|Steve, I think you make enough to buy a new pair of jeans.|
Today, we'll be talking about the Rudge. But first...
Yep, more shellac on the LHT. I put another two coats of amber shellac. The only thing that concerns me is the worn area on top of the bars still feels "rough". I don't know if it's because it's worn enough that it's not "taking" the shellac anymore, or if I should have sandpapered it, something I normally don't do. We'll see.
I also shellacked a set of cork grips for my roommates bike, who was entranced by the grips on my Raleigh.
Now to the Rudge!
I held off on properly doing anything with grips or tape on this bike, because I wanted to make sure everything was "just right" before going ahead. While it was tempting to find some period-appropriate grips or spring for some nice leather ones like these from Walnut Studio, I am hella broke. I had some white cork Silva branded tape that I bought for $4 from Next Adventure, and decided the Rudge would be the appropriate recipient. And that's why I hesitated: grips can be removed, even if I shellacked them. Tape that's been shellacked? Forget it. And if I needed to get a different stem, I'd have to remove everything from the bars. I didn't want that headache, so I made damn sure the bars/stem combo works before proceeding.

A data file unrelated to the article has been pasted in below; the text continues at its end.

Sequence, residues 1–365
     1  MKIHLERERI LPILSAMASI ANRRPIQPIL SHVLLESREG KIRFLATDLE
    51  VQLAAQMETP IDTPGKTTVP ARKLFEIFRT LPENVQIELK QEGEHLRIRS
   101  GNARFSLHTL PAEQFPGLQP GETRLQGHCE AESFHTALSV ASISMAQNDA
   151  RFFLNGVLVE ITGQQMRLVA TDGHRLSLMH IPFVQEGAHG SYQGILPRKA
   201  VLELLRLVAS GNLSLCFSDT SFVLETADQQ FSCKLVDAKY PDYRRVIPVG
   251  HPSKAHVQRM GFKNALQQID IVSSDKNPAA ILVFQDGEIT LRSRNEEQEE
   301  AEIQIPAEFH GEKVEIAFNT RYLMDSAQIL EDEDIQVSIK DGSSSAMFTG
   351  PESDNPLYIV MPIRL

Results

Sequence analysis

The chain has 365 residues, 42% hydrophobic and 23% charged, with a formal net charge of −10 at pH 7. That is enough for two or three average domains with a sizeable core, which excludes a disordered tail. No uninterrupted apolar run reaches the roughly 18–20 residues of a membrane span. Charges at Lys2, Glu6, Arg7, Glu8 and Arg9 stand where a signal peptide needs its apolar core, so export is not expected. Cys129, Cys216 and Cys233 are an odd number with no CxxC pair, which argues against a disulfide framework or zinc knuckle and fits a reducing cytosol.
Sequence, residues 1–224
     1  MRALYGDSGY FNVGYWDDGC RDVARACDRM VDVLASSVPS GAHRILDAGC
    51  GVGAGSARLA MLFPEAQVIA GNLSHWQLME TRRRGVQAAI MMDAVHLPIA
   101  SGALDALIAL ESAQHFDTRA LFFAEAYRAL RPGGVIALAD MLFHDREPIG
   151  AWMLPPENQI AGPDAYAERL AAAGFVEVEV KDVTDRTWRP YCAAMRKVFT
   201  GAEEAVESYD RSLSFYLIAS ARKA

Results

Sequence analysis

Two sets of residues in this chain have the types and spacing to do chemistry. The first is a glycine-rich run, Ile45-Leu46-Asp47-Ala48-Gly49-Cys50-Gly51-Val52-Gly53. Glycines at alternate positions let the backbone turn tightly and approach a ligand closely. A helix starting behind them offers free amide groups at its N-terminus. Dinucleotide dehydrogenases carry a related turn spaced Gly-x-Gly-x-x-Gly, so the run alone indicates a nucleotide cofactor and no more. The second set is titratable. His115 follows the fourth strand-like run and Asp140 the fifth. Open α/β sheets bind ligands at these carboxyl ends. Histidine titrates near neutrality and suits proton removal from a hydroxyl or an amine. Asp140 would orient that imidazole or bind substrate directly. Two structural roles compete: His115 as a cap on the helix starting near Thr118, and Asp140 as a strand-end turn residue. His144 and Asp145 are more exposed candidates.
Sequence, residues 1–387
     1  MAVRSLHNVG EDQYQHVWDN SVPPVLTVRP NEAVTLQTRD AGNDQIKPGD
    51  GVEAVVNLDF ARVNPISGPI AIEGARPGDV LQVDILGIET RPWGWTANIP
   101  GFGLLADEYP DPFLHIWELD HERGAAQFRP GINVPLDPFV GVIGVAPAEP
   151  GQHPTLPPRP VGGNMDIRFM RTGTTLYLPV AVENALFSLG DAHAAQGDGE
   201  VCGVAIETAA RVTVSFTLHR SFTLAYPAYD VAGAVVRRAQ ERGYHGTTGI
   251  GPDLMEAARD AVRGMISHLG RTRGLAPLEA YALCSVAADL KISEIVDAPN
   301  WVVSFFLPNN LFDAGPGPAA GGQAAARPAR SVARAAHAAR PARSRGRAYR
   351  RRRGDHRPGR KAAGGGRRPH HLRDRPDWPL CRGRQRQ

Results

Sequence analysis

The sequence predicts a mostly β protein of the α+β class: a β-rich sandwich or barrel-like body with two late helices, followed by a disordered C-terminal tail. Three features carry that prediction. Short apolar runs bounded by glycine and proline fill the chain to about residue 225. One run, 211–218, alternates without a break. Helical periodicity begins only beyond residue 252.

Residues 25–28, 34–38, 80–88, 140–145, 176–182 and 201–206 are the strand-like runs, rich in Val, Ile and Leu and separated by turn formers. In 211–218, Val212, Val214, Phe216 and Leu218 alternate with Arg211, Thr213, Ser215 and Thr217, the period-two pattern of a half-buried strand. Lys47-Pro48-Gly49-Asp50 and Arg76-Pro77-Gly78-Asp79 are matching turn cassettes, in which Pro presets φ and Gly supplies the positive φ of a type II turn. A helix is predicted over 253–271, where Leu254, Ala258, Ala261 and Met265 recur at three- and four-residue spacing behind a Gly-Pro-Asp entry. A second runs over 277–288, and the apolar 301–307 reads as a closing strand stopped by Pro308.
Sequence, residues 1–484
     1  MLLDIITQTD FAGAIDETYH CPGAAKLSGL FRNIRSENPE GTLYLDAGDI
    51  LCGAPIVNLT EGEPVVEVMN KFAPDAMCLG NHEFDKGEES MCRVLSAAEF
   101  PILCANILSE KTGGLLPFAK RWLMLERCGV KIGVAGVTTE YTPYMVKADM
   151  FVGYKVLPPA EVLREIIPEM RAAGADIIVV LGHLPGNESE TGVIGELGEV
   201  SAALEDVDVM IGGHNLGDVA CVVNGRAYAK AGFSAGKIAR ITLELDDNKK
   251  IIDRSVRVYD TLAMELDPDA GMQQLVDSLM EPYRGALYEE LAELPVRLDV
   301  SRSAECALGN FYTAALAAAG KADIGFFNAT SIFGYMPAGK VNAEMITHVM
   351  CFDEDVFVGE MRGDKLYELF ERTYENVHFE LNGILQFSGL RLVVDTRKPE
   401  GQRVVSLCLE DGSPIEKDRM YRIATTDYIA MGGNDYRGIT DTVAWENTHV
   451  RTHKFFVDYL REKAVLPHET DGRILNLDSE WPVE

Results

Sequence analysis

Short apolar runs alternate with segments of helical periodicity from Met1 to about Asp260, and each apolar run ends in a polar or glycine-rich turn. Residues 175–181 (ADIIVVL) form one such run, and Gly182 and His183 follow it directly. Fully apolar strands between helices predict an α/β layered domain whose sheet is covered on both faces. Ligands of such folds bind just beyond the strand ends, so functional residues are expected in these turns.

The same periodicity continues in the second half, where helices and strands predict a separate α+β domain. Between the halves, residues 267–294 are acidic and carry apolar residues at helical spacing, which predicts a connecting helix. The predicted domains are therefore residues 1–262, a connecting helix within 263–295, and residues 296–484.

And how should I wrap the bars? Obviously I would need to wrap the ends where the grips were, but there was more bar beyond the brake levers/S-A trigger shifter. At first I thought about wrapping pretty much the whole bar, since I can put my hands there, essentially giving me two hand positions. But I became fond of the clean and chromy look, and I found that I haven't been putting my hands there much. So just the grip area for now. I can always go back and tape it.*
I had the notion of putting actual corks from wine bottles in the bar ends, but the corks are too fat. I started to shave one down, but gave up. I'm obsessive, but not that obsessive.
After the taping, the twine. When I first twined bars in May on the LHT, I followed the instructions from Rivendell. Within a month it was unraveling. So Keith the Raving Bike Fiend showed me his methods: short sections of twine, wrapped around and around, tied into knots. It was a lot easier! Though I never feel like I do the best job of twining. Thankfully the shellac will make it all look better.
Then shellac! I used amber shellac and a sponge brush. This is after one coat.
Wow, looks so much different after one coat! Now coat two.
And finally, the fifth coat.
And how it all looks together!
I like how the amber color really goes along with the color scheme of the Rudge. And I did it cheaply: the tape cost only four bucks and I only used half of what I got. The twine was like three bucks for a ball, and it didn't make much of a dent in the ball. And the can of shellac was about eight bucks, and there's still plenty left!
*These are the internal debates I have.